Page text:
• Ventilation (letting steam go)

    • Placebo (thinking..motivation?)

    Defensive mechanisms1
    Defensive Mechanisms


    Tuesday 9 25

    • Pick up your Promethean Clicker (leave it off)

    • Get ready for our first activity!

    How many can you name
    How many can you name?

    Group 1

    • Ari

    • Dana

    • Max

    • Dean

    • Colton

    • Rikki

    • Zach S.

    • Hannah

    • Steven

    • Matt

    • Lily

    • Abbey

    • Sam

    Group 2

    • John

    • Lexie

    • James

    • Ethan

    • Hannah

    • Talia

    • Michael

    • Mara

    • Zachary R.

    • Alex

    • Alyssa

    • Brady

    • Morgan

    How many can you name1
    How many can you name?

    • Sports played with a ball

    How many can you name3
    How many can you name?

    • Toppings on a pizza

    How many can you name7
    How many can you name?

    • Animals with 4 legs

    How many can you name10
    How many can you name?

    • Yogurt Brands

    How many can you name12
    How many can you name?

    • Foods that start with the letter “E”


    • Kinds of Stressors

      • Biological

        • Changes in body, illness, injury, disability

      • Environmental

        • Unsafe area, media, natural disasters, war

      • Cognitive (Thinking)

        • Self-esteem, personal appearance, not fitting in

      • Personal Behavior

        • Busy schedule, Relationship issues, smoking, alcohol

      • Life situation

        • School demands, bullying, peer pressure, family problems


    How do you cope with stress?

    Stress mail
    Stress mail


    To: Stress Mail

    Subject: Stress in the family

    My parents are getting a

    divorce, and I’m really stressed

    out about it. I can’t stop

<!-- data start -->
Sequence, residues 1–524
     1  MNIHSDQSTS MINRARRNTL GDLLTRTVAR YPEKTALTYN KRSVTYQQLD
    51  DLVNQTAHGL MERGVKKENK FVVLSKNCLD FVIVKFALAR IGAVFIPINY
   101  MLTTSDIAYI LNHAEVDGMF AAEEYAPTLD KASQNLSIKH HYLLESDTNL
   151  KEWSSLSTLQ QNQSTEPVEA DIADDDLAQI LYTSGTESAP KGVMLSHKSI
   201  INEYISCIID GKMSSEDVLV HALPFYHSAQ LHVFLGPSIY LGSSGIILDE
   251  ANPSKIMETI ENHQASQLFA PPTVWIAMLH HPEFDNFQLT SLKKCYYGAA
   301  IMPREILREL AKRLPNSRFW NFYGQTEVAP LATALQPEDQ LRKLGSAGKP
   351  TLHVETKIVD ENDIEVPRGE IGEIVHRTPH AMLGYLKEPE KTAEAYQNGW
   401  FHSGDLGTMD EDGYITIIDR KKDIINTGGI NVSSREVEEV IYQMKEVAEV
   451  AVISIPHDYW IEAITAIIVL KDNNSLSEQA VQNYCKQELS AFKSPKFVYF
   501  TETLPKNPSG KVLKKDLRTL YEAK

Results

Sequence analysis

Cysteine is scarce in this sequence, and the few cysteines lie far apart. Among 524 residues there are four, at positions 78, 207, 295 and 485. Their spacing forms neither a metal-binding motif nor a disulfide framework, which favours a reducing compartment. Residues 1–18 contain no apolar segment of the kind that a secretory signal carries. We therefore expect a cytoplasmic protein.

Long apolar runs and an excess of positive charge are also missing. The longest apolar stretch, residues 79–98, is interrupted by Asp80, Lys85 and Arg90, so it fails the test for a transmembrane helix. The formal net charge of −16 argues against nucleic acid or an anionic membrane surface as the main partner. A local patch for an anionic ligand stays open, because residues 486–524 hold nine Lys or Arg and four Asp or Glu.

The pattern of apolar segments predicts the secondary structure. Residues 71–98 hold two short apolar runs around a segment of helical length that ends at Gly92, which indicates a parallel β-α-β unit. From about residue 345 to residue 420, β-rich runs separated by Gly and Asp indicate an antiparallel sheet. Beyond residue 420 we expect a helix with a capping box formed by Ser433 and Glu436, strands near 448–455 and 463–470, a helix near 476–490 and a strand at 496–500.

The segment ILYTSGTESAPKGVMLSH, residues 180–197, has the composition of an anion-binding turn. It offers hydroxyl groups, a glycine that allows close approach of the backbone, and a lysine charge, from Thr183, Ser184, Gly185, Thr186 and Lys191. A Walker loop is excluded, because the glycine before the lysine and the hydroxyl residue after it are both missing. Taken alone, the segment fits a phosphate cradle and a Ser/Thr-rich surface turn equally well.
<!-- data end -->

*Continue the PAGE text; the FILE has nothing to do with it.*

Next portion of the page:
thinking about what’s going to

    happen to my family. I don’t

    feel like hanging out with any

    of my friends, and I don’t think

    there’s anyone I can talk to who

    will understand what I’m going

    through. When someone does try

    to talk to me, I snap at them

    and tell them to leave me alone.

    I don’t know what to do to get

    this knot out of my stomach.


    To: Stress Mail

    Subject: Stress on the go

    I am so stressed! I barely have a

    minute to relax all day long. Before

    school, I go to swim practice, and

    after school, I work on the school

    newspaper and have piano lessons. On

    Saturday mornings, I volunteer at the

    local hospital. Then the rest of the

    weekend, I try to catch up on the

    schoolwork that I didn’t have time for

    all week. I never see my friends, and

    I always eat on the run. I’m starting

    to have headaches an d stomachaches.

    What should I do?


    • Identify the physical and mental responses of stress.

    • Identify what causes stress.

    • Explain techniques of coping with stress.

    • Apply their knowledge of coping with stress to a given situation.

    Stages of the stress response
    Stages of the stress response

    • Alarm

    • Resistance

    • Fatigue

      • Physical

      • Pathological

      • Psychological

    Personality type
    Personality type

    • Type A……HardyPersonality…….Type B

      • Commitment

      • Control

      • Change

    Stress related symptoms
    Stress related symptoms

    • BP

    • Headache

    • Asthma

    • Immune system weakened

    • psychosomatic response

    Stress and your body 1 6
    Stress and your body (1-6)


    • Stress portrait of a killer


    Stress relaxation
    Stress Relaxation

    • Eat healthy meals with plenty of fruits and vegetables

    • • Maintain daily routine and schedule

    • • Exercise regularly

    • • Avoid caffeine (can increase feelings of anxiety and agitation)

    • • Do things you enjoy (for example: art, listening to music, being outdoors,

    • dancing, writing poetry, reading, etc.)

    • • Get good amounts of rest and sleep

    • • Avoid alcohol, tobacco and drugs

    • • State feelings in a clear way (for example: “I feel angry when you yell at me.”)

    • • Decrease negative self talk (for example: transform “My grades will never get any

    • better.” to “I may not be doing to well now, but my grades can improve if I get

    • extra help and I do all my homework.”)

    • • Be with friends who help you cope in a positive way

    • • Learn relaxation techniques (such as: deep breathing, muscle relaxation,

    • meditation)

    • • Talk to caring adults

    • •Humor/laughter


      • Relaxation activities